A:

Long-term care insurance (LTCI) covers the risk that individuals may need medical and custodial care, either at home or in a skilled nursing facility, at some point in their life. Most workers wait to purchase an individual policy as they approach retirement or their group employer benefits are about to expire. Surprisingly (according to the Journal of Financial Planning, February 2009), nearly half of all group long-term care claimants in 2007 were under the age of 65. Costs ranged from $19,296 for in-home care in Louisiana to $177,634 for full-service nursing home care in Alaska. On average in the United States, you could expect nursing home facility care to run between $60,000 to $100,000 per year.

The cost of long-term care facilities and care has and will become even more expensive as our population continues to get older. One way to protect your family assets from being eroded by these costs is to purchase a long-term care policy. Even if you feel that you have sufficient assets saved to cover these costs, you may want to reconsider the benefit of having a LTCI policy as a hedge to protect your estate. If you or a parent are admitted to a nursing home facility at $80,000 per year, your assets would be depleted by $400,000 for a five-year stay in a facility.

When looking at the cost of LTCI it's similar to many other types of health and age related insurance coverages. The older you are and your current condition of health will play a huge factor in the size of your premium payments. Consider shopping for coverage while you are in your early 50s and in good health, you'll be able to lock in a cheaper premium and not have to worry about being denied coverage in the future for existing health issues.

Read Long-Term Care Insurance: Who Needs It? for more.

This question was answered by Steven Merkel.

RELATED FAQS
  1. Will Medicare pay for long-term costs?

    Long-term care refers to a variety of care services (medical and non-medical) that helps meet the needs of people who have ... Read Answer >>
  2. What is long-term care insurance?

    Long-term care insurance is an insurance policy that that helps a patient pay for long-term care. The policy usually covers ... Read Answer >>
Related Articles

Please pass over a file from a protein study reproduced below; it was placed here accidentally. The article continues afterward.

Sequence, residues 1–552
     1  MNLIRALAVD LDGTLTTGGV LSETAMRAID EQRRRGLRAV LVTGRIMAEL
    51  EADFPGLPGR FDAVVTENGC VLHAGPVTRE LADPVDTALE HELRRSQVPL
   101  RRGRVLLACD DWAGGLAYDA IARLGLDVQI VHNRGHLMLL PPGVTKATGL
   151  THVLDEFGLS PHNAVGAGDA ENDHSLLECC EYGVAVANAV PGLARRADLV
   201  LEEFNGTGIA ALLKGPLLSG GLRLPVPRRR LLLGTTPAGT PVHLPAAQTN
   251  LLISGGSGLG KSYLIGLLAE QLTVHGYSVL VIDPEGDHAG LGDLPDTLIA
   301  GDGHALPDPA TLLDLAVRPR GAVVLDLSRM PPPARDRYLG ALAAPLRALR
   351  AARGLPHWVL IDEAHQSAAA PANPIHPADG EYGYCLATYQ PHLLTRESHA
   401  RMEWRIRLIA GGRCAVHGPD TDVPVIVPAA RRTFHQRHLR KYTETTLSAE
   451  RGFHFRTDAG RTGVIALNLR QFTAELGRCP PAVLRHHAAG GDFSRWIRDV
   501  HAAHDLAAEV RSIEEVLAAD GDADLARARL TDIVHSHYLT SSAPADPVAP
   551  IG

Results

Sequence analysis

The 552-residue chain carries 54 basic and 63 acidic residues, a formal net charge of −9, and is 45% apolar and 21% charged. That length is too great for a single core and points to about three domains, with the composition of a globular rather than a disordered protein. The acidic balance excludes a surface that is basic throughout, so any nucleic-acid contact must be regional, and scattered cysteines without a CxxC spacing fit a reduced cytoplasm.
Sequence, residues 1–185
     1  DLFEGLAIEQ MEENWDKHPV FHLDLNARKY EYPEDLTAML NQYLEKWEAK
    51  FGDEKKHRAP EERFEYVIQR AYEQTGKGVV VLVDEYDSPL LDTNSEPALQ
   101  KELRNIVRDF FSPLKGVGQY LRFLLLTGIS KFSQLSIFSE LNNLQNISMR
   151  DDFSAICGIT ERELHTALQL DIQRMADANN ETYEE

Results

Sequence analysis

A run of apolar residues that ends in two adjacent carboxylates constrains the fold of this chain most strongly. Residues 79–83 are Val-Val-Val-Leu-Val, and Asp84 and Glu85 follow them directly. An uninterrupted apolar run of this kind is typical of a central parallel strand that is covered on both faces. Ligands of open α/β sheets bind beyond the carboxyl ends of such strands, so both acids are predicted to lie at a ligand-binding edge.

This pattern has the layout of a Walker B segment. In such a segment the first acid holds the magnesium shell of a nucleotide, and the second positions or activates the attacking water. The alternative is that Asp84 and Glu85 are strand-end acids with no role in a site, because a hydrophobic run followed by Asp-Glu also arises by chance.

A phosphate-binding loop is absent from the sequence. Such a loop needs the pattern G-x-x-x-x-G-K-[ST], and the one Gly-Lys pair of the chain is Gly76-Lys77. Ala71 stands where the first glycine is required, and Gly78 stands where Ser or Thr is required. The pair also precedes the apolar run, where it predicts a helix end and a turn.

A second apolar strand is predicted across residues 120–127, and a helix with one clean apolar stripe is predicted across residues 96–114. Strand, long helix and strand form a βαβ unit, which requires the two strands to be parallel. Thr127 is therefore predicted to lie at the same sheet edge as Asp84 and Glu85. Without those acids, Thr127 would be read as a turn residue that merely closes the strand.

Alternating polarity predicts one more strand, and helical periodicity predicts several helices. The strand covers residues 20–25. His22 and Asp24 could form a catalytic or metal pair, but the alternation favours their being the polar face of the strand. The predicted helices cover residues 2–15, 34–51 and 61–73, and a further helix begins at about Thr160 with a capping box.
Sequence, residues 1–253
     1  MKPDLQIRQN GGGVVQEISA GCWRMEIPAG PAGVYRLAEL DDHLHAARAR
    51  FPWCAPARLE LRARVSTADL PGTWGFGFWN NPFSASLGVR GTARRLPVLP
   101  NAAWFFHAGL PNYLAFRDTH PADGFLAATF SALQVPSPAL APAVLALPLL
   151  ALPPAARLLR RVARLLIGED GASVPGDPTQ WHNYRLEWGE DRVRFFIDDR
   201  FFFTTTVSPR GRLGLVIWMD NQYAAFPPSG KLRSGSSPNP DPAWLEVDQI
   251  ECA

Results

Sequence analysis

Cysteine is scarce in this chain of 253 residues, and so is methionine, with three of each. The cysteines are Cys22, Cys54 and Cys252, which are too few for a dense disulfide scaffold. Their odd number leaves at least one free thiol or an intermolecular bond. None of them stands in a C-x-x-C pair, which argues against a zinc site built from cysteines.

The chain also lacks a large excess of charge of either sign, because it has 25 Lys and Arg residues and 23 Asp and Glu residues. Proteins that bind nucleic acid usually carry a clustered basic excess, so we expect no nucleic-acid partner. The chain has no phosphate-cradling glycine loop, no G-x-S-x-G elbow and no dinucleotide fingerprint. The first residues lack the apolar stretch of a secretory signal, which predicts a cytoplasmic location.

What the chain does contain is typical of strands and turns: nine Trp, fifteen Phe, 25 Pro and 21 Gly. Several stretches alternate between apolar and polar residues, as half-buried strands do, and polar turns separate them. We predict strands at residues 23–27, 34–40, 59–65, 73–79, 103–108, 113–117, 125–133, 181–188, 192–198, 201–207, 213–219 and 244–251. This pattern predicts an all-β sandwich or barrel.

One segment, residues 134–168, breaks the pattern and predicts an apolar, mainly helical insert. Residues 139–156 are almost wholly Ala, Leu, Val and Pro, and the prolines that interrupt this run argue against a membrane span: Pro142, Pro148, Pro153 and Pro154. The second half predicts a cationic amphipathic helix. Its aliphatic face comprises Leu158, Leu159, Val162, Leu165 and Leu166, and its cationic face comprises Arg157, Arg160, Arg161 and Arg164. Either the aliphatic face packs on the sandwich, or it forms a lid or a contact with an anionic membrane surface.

1. Financial Advisor

    How the Long-Term Care Insurance World Is Changing

    The long-term care insurance market is continually changing and prices routinely go up. This is an overview of what to expect when seeking such products.
  2. Financial Advisor

    How Linked Benefit Insurance Policies Work

    Linked benefit policies can be a viable alternative to traditional long-term care insurance. Here's how they work.
  3. Insurance

    How To Buy Long-Term Care Insurance Cheaply

    Consumers looking for long-term care insurance shouldn't have to pay full price. Despite the sometimes-hefty costs, there are ways to save on premiums.
  4. Insurance

    The Bad News About Long-Term Care

    The costs of long-term care continue to increase and most retirees can't afford to pay out of pocket for these services for an extended period.
  5. Financial Advisor

    Can Long Term Care Insurance Be Affordable?

    The cost of managed care and insurance covering it will only become more expensive. Here's how to help your clients formulate a plan.
  6. Managing Wealth

    How to Choose a Residential Care Home

    When an elderly loved one needs supervision, a residential care facility can be the closest thing to living at home.
  7. Insurance

    The Crippling Cost of Self-Insuring Long-Term Care

    Covering the cost of long-term care without insurance can deplete retirement savings quickly.
  8. Retirement

    Long-Term Care Expenses: What You Should Know

    Being prepared for long-term care is a critical element of financial planning. Here's what it costs.
RELATED TERMS
  1. Long-Term Care (LTC) Insurance

    Coverage that provides nursing-home care, home-health care, personal ...
  2. Skilled Nursing Facility

    A special facility or part of a hospital that provides services ...
  3. Long-Term Care Ombudsman

    A government official who oversees nursing homes and assisted ...
  4. Custodial Care

    Non-medical care that helps individuals with his or her activities ...
  5. Health Insurance

    A type of insurance coverage that pays for medical and surgical ...
  6. Medicare Star-Rating System

    A method for evaluating and ranking nursing homes used by the ...
Hot Definitions
  1. Blue Chip

    A blue chip is a nationally recognized, well-established, and financially sound company.
  2. Payback Period

    The length of time required to recover the cost of an investment. The payback period of a given investment or project is ...
  3. Collateral Value

    The estimated fair market value of an asset that is being used as loan collateral. Collateral value is determined by appraisal ...
  4. Fiduciary

    A fiduciary is a person who acts on behalf of another person, or persons to manage assets.
  5. Current Account

    The difference between a nation’s savings and its investment. The current account is defined as the sum of goods and services ...
  6. Liability

    Liabilities are defined as a company's legal debts or obligations that arise during the course of business operations.
Trading Center